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I have to replace my bathroom subfloor due to water damage from a leaking toilet.

Therefore, I need to move my bathtub, replace the subfloor underneath it, and reinstall the tub.

However, there is no separate shutoff water valve for my bathtub, and it's not viable to shut off the main water supply because this project will take me days if not weeks.

It looks to me like there's no need to shut off the water: My bathtub is a bathtub/shower combo, with the faucet and showerhead built into the wall, not attached to the tub itself. (Pictured below.)

Can I safely remove the bathtub -- just the tub -- without shutting off the water supply?

(Correct me if I'm wrong, but it seems to me the tub itself is just a ceramic basin with a drain attached, with all the actual waterworks floating above it unattached.)

enter image description here

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    It would not be unreasonable, while you're doing this project, to shut off the water to the whole house/apt, find the supply lines to the tub, sinks, toilet, etc. and install individual shut offs for each of them. I'd suggest doing one at a time (water off, cut, install, water on) just to ensure that if you have a leak, you know exactly where and have only one at a time to deal with. At a minimum, since you're working on the tub, install shut-off valves for the tub, and install shut-offs for each other thing as you work on them in the future. Makes life much easier in the long run. – FreeMan Oct 31 '20 at 13:27
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    The water supply is the least of your problems here. Getting a tub out and in is a HUGE pain in the rear. I think Jimmy has illustrated why that is quite well, though there may be the additional complication of the flange being nailed or screwed to the framing.... Good luck, you'll need it. – Ecnerwal Oct 31 '20 at 14:08
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    The last tub i removed had to be cut in half to get it out. – Alaska Man Oct 31 '20 at 17:19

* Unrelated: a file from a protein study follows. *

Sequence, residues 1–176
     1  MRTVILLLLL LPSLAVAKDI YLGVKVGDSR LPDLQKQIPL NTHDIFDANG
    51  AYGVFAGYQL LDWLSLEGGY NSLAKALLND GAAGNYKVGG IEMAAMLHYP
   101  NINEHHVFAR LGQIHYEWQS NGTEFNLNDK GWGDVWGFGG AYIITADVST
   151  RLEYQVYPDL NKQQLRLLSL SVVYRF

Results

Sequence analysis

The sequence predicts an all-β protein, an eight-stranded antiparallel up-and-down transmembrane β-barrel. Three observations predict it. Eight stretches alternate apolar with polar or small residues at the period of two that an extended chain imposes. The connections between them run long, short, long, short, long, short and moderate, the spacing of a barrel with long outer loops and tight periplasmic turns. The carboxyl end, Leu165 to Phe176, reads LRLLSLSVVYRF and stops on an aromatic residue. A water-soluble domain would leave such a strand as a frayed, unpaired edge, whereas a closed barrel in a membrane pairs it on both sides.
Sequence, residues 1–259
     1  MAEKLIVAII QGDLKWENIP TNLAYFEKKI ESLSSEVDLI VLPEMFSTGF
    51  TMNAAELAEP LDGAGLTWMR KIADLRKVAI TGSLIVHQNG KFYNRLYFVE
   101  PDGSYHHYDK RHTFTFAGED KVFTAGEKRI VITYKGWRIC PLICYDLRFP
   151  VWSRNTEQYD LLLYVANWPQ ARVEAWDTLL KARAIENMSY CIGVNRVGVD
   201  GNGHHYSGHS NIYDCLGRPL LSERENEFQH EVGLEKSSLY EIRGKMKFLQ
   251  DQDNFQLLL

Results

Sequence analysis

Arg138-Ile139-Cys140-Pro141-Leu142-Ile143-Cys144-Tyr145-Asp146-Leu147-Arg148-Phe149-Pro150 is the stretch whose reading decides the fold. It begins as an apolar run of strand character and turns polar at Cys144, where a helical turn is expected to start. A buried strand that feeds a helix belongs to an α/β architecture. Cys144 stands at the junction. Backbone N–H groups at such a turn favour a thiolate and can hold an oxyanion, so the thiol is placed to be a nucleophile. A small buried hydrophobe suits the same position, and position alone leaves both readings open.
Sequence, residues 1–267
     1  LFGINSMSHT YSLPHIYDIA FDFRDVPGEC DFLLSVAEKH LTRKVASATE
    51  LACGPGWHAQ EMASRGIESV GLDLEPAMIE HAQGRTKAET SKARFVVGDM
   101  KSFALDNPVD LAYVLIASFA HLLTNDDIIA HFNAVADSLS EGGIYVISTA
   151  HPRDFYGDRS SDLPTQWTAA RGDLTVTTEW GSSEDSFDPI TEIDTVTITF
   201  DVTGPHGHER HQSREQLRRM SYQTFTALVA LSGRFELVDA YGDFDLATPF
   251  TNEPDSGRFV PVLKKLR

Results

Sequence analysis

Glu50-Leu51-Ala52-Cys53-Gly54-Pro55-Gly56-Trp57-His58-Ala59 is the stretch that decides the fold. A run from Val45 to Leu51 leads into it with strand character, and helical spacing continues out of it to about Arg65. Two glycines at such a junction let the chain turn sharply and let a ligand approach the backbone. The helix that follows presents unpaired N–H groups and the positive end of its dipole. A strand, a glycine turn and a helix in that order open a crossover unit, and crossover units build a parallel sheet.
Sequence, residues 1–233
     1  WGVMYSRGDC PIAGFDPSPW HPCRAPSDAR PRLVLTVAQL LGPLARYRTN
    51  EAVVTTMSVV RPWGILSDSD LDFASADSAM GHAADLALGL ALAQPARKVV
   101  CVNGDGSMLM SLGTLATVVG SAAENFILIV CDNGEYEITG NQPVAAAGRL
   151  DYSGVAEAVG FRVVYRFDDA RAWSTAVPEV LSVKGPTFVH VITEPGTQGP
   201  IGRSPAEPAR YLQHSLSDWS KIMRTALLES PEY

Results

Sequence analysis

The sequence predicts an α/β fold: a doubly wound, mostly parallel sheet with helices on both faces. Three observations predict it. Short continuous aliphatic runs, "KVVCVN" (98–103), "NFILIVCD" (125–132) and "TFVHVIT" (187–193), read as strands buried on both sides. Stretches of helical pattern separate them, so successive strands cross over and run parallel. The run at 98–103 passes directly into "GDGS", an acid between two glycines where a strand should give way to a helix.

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The drain parts (the drain assembly is called a waste & overflow unit) can be disconnected from above, there should be no other direct connections to the tub.

Just unscrew and remove the overflow trip-plate and disconnect it from the stopper mechanism (called the bucket & wire assembly). The drain strainer can be removed from the tub drain shoe by unscrewing with a special tool called a spud wrench.

The main problems with this idea are:

  • the tile/wall treatments (as mention by other commenters) are usually configured such that they overhang the integrated lip of the tub, which means the lowest tile course would have to be removed (see pic below).
  • some (many) bathtubs are cast iron and extremely heavy, making removal without significant alteration difficult. On more than one occasion I have had to demolish the tub in-situ to get it out.

enter image description here

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it seems to me the tub itself is just a ceramic basin with a drain attached, with all the actual waterworks floating above it unattached.

Correct.

You will have to remove the part marked by "X" in the below picture (no idea how it's called in English) so why not begin with this step:

enter image description here

Then you will most likely only find drain pipes and not water pipes, which will answer your question. You can also check the state of the subfloor below the tub.

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    You may have to remove the tub surround on the wall above the tub in order to get the tub out. – SteveSh Oct 31 '20 at 10:47
  • That's likely, yeah. – bobflux Oct 31 '20 at 11:58

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